The 66th Montana Legislature gaveled into session this week. Montana Audubon’s legislative team now launches into a four-month frenzy of researching, strategizing, testifying, and lobbying on bills that affect Montana’s wildlife, as well as habitat, and other environmental laws. A number of emerging threats could impact conservation this session; attacks on Habitat Montana, conservation easements, clean water, and the Greater Sage Grouse conservation program are expected.
Legislative policy work is a longstanding Montana Audubon tradition: our first lobbyist was hired in 1981, and we maintain a presence in the legislative trenches every session—we always expect to accomplish a great deal of conservation work between January and May during legislative years. But, we also need your help: during the 2019 session, we will host two citizen lobby days on February 6th and March 13th. On those days we will prepare participants with an orientation on lobbying, learn about the legislative process, and work directly with legislators.
All session long, we will email regular “Action Alerts” to our members to help guide you to your legislators to send your comments on important committee hearings and critical votes. To learn about all of the legislation we are tracking, you can follow our “2019 Bill Table” which will soon be posted on our website. Montana Audubon’s lobbying team will be in the state capitol every day working to defeat challenges to conservation while supporting proactive legislation to protect our wildlife, access to public lands, and to keep our outdoor heritage intact. (And don’t forget to attend the Rally for Public Lands on Friday, January 11th, 12 pm at the state Capitol in Helena!)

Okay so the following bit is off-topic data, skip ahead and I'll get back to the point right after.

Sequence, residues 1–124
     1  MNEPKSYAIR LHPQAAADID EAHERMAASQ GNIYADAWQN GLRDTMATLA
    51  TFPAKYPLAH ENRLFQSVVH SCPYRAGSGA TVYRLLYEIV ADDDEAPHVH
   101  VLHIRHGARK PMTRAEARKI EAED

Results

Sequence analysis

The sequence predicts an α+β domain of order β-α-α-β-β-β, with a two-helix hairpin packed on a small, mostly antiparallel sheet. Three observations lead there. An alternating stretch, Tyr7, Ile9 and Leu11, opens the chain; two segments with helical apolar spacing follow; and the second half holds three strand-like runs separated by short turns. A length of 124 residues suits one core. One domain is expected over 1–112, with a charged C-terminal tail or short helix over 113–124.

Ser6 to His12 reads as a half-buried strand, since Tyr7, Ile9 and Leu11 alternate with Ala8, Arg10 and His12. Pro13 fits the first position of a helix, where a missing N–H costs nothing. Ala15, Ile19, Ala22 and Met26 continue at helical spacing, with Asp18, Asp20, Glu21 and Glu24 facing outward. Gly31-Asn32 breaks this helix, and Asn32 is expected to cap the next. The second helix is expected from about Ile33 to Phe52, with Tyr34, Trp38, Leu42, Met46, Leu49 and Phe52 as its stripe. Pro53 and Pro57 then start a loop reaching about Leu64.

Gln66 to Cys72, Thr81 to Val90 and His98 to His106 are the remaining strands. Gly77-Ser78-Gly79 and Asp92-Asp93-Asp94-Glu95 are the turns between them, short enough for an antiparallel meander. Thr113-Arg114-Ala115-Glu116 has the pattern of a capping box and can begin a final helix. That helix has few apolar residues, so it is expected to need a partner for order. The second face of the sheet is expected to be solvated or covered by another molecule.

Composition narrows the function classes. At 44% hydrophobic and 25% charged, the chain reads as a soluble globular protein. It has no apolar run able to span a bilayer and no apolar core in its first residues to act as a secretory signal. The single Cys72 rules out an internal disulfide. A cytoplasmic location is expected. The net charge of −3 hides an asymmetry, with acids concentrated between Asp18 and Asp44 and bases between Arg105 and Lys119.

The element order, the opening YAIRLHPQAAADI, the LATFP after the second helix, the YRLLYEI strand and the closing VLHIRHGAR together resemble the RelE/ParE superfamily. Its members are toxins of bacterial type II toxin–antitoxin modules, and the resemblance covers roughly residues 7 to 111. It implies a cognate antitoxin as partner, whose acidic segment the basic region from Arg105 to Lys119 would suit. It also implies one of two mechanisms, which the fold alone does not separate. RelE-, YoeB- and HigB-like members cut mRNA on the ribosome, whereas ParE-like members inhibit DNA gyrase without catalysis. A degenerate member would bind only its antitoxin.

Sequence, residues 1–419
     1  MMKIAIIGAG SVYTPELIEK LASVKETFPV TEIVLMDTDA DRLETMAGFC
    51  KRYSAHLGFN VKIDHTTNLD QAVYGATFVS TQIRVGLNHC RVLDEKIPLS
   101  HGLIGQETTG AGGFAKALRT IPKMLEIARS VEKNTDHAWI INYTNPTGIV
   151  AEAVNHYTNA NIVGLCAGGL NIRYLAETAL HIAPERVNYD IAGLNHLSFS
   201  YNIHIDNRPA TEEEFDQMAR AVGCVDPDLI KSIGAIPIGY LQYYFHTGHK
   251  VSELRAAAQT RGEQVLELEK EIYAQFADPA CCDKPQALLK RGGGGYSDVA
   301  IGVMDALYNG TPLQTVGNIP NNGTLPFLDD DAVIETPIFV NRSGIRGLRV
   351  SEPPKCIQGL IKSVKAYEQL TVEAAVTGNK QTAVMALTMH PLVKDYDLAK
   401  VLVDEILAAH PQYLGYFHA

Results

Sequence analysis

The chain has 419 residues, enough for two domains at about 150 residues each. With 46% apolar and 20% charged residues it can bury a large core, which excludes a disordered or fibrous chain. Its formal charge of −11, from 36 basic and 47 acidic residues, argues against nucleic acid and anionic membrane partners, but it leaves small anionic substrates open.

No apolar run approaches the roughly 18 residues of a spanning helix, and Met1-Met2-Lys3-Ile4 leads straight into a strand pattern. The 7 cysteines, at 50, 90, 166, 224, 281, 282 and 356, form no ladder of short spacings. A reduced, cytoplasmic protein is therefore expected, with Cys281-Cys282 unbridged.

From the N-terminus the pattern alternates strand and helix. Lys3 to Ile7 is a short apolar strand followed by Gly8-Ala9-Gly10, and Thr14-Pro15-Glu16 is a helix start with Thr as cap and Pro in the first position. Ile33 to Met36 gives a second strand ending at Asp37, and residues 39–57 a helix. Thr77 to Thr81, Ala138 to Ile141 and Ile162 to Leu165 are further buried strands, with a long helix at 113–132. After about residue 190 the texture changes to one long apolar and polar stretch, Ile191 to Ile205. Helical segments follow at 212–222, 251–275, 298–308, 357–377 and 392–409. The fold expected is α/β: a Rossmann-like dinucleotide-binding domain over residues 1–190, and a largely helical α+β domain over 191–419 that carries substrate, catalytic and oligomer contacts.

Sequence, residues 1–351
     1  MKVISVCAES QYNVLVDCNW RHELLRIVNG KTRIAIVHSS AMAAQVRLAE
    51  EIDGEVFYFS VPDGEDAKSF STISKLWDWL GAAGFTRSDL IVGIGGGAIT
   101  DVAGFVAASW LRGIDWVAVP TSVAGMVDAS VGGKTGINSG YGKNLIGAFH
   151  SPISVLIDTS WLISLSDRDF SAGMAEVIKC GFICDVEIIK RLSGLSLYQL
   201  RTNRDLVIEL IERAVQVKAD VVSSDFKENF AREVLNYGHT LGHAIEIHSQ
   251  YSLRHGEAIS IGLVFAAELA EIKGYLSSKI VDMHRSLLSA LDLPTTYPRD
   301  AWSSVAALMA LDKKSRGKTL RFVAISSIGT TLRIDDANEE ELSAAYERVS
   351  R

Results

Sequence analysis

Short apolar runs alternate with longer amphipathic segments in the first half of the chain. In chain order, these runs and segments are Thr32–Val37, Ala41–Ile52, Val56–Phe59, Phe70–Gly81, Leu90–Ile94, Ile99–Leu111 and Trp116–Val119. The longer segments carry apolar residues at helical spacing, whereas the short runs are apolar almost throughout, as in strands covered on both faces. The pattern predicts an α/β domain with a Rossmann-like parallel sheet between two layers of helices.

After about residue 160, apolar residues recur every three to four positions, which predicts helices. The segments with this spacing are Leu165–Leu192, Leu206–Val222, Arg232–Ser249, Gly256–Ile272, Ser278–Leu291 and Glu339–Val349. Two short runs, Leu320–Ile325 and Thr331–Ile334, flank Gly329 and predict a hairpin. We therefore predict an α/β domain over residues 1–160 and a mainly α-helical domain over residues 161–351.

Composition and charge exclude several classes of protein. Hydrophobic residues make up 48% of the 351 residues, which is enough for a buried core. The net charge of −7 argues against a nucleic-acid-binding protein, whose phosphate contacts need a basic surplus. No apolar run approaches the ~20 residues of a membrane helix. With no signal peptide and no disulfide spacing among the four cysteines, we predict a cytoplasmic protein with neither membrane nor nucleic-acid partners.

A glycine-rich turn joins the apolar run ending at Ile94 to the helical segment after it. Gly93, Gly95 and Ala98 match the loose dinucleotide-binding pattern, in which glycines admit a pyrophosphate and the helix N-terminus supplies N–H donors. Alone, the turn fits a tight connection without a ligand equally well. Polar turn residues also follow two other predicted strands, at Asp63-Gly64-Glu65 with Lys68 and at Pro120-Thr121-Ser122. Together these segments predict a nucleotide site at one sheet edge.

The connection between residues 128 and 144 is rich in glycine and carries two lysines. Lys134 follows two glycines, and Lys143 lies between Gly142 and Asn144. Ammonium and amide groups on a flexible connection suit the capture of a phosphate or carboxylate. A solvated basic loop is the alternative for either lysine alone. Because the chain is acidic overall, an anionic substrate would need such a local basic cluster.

In the 2019 session, Montana Audubon will focus on a number of diverse and challenging conservation issues that have already risen, including:
Like every session, there will be numerous bills affecting wildlife. Montana Audubon will be involved with many, including: revisions to bird-dog hunting laws; invasive species laws; bills to repeal or gut the Sage-Grouse act; and a bill to remove restrictions on the possession of foxes.
Water is our most important resource, and numerous bills are already being introduced on this issue—from drought management and stream gauges to revised variances for water quality standards. Since water is so vital for wildlife, habitat and human communities, Montana Audubon will give significant focus on this legislation.
This session, and after the recent Montana Supreme Court ruling, Montana legislators may challenge one of the most important aspects to Montana Fish, Wildlife & Parks’ (FWP) Habitat Montana Program: conservation easements. We will look for any legislation that would negatively impact conservation easements, and will be working to stop any legislation that may arise.